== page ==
Boasting a roughly 4-5% annual unemployment rate, Manitoba enjoys a high rate of labour force participation—as the province’s strong wholesale and retail trade, healthcare and social assistance, and manufacturing industries make up the province’s three largest sectors by employment, respectively.

    In addition, the residents of Manitoba generally have a strong earning profile, with a provincial minimum wage of $15.30 CAD per hour, on par with other Canadian provinces.

    Some of Manitoba’s largest employers include:

    • The Manitoba Health Services Insurance Plan;
    • Canada Life Assurance Company;
    • Bell MTS;
    • Buhler Industries;
    • University of Manitoba;
    • IGM Financial; and
    • Manitoba Hydro.

    For more information on how to find and secure employment in Canada, visit our dedicated webpage here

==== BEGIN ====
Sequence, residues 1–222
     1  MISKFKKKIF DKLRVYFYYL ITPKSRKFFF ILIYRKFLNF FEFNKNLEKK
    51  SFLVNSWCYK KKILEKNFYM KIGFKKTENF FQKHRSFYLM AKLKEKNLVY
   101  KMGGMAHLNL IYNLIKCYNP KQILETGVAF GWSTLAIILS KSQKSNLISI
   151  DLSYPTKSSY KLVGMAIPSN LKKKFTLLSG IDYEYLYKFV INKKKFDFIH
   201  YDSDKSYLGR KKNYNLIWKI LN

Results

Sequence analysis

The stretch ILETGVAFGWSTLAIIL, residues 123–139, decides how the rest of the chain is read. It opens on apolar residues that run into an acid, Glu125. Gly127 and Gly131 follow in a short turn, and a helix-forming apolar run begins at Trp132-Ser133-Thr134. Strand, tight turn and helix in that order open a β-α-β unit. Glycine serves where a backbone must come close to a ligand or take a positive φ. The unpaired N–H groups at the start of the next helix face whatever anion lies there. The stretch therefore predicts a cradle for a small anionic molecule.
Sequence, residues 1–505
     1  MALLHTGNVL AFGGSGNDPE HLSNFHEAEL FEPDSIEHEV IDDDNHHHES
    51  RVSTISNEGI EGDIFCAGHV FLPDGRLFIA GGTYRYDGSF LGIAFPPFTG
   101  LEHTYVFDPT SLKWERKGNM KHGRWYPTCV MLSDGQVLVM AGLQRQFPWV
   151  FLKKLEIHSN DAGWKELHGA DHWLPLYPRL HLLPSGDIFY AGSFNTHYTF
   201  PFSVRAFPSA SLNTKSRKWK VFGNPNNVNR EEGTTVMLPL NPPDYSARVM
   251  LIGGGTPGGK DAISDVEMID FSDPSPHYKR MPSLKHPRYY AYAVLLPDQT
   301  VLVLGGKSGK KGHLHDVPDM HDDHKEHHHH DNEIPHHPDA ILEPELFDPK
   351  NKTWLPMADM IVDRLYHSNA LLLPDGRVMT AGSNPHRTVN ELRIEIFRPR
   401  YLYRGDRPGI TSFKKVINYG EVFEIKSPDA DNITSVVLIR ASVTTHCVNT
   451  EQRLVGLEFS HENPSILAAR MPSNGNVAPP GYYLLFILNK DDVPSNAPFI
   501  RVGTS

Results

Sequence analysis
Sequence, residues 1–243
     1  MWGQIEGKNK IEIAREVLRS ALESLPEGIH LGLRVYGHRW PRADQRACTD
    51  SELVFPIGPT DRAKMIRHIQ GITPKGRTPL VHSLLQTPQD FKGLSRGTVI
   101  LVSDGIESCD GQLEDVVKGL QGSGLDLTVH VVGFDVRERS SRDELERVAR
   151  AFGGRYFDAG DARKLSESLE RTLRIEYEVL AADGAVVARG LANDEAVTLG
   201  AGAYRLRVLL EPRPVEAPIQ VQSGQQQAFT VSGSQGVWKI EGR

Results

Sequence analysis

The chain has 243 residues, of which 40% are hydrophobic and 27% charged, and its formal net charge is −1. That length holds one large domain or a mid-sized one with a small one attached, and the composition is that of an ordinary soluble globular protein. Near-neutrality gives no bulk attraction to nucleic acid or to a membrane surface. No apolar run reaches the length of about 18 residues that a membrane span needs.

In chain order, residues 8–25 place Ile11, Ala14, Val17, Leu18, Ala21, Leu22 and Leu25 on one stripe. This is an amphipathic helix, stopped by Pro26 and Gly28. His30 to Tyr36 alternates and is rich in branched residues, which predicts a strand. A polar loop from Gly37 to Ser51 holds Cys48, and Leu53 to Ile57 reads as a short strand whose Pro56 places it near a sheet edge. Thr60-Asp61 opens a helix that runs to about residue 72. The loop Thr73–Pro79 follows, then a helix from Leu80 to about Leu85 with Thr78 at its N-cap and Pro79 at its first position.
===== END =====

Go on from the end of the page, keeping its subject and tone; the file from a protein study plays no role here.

Healthcare in Manitoba

    Manitoba’s public health program is called The Manitoba Health Services Insurance Plan (MHSIP). It is a universal, provincial health insurance program in Manitoba, Canada, that covers a variety of health care services for eligible residents. These services include standard medical needs, hospital care, and specific health requirements such as optical and dental care. It also includes mental health services and home care, which are subject to eligibility.

    MHSIP covers consultation and treatment services provided by physicians, along with necessary surgical and diagnostic procedures. Necessary hospital visits and stays, including use of operating room and ward accommodation, are part of the coverage.